Our 49 square miles is bumper to bumper filled with dozens of neighborhoods which are as different from each other as chalk and cheese! Visit Haight (the last flower power bastion in USA) for its hippy-dippy feel, quirky boutiques and to get on a higher plane (pot is legal here) or the Mission for its murals or Japan town for the World War II peace plaza and beautiful fall filled with stores from Japanese merchants or the Marina for beautiful views of the Bridge and sailing yachts or the Castro for the vintage Castro theatre and Harvey Milk museum (also known as GLBT museum that is free to the public on first Wednesdays) or the Palatial buildings and steps of Lyon street in the Posh Pacific heights neighborhood. Window shopping on the chic Fillmore and Union streets running through Pac heights and Cow Hollow/Marina is 100% free. Wander through the secret zen gardens in the alleys of Russian Hill or ascend the steep streets of Nob Hill or stroll beneath the cute red lanterns of our bustling Chinatown (largest in the country). No matter which neighborhood you venture in, San Francisco will always greet you with a friendly smile and a memory to take home to.
BUDGET TIP #8: FOOD AND DRINKS
San Francisco has food for every budget and dietary restriction and you can easily find something that you like. You can sample the diverse fare of the city from food trucks at their different gatherings via the Off the Grid coalition (biggest one is every Friday night at Fort Mason from April-Nov or Sundays at the Presidio). There is a permanent food truck park/street food park in the neighborhood of SOMA where the food theme keeps on rotating. Besides, there are plenty of budget dining options in the city such as our taquerias whipping up amazing burritos (burritos are to SF as pizza is to NYC) and the many mom and pop Mexican eateries operating along 24th street which has thankfully not yet been gentrified. La Taqueria’s Mission style burrito was voted the #1 burrito in USA recently and is a must visit along with El Farolito and Taqueria Cancun. Some of our favorites are Gallardos (for Mexican breakfast) , Tortas Los Picudos for their freshly made juices and enchiladas, and Balompie’s for their pupusas (Salvadorian masa flat breads filled with veggie or meat fillings). The San Francisco Ferry building and its mega farmers’ market on Saturdays (largest outdoor farmers market in USA) is a great place for cheap eats (do not forget to try some Argentinian empanadas from El Porteno or lox bagels from one of the stalls in the market outside. To sample San Francisco’s varied ethnic cuisine offerings which welcome foodies on a budget as well as other options, read my previous post on cheap eats in San Francisco . No trip to SF is complete without some dim sum and your cheapest and best bet is at Hong Kong Lounge in the inner Richmond neighborhood. Here you can also find an amazing Russian bakery named Moscow and Tbilisi bakery selling yummy piroshkis (Russian fried “samosas” with veggie or meat fillings) at less than $5.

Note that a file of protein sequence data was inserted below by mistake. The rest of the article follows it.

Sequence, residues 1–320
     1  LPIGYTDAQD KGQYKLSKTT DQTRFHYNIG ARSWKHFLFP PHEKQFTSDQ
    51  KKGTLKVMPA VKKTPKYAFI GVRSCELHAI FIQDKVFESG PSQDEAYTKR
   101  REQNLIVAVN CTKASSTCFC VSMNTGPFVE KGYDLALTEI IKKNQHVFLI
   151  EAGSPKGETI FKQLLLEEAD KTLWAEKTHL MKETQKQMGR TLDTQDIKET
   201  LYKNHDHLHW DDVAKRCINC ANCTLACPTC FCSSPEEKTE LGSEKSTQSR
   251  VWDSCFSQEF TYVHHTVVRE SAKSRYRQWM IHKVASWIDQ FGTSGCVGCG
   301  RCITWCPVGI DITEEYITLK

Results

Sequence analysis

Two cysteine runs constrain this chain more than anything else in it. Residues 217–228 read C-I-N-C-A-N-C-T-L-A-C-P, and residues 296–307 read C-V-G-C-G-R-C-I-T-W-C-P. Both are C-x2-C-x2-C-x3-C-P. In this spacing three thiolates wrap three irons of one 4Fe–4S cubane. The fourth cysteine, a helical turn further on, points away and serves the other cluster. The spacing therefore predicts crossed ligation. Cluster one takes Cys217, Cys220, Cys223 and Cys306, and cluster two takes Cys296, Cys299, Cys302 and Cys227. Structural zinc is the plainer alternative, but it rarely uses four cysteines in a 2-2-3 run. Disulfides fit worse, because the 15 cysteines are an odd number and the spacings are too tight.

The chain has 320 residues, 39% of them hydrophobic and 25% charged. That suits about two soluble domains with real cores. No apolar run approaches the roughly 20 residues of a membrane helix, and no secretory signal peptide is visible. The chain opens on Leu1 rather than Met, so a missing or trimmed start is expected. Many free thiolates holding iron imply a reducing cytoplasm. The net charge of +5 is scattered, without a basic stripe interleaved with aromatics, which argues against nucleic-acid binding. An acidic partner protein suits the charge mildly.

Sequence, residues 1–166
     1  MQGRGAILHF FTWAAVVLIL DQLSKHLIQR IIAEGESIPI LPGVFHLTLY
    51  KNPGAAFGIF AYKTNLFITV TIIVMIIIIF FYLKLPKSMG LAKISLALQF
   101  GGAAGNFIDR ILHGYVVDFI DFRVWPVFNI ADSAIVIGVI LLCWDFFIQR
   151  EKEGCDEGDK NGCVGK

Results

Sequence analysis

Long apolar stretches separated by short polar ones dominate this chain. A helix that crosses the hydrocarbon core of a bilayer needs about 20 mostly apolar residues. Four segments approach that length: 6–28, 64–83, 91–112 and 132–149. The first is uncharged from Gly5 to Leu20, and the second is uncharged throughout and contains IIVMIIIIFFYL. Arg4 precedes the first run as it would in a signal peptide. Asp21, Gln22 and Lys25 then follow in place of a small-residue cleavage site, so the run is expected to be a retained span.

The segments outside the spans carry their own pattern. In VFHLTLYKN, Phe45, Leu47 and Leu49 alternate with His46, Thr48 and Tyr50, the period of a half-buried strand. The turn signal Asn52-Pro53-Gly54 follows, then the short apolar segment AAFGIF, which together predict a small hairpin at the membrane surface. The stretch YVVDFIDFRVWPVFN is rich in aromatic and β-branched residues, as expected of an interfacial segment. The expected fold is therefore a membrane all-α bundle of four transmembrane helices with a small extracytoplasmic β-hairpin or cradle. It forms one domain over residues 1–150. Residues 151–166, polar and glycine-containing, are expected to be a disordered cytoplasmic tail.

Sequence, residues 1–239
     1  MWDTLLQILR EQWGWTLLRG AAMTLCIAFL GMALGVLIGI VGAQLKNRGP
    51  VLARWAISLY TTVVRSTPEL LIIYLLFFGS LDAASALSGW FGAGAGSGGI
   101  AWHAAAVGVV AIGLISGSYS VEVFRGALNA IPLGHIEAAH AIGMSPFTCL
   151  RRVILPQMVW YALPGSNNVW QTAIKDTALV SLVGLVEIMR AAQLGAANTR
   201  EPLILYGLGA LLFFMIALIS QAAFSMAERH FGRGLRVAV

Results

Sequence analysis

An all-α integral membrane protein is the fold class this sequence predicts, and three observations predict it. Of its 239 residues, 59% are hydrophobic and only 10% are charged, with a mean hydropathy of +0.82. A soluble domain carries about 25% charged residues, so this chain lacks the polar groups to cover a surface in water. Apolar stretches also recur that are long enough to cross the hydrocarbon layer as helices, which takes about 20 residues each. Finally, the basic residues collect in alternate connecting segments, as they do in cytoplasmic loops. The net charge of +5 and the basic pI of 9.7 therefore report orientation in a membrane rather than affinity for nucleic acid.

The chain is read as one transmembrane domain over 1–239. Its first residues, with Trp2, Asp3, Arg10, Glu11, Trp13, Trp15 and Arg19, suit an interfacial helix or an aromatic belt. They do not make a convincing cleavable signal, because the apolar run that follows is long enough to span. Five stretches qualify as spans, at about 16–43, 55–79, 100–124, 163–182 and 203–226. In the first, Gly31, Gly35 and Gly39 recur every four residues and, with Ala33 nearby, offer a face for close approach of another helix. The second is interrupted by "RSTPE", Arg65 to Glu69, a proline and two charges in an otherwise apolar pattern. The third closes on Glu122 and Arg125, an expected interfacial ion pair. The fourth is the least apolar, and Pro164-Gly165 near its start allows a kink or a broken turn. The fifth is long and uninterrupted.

I hope you found plenty of fodder for your next trip to SF, no matter how tight your purse strings may be! For more fun, free and cheap activities, I recommend checking the funcheapSF website and SF tourism tips! Thanks so much for reading this post.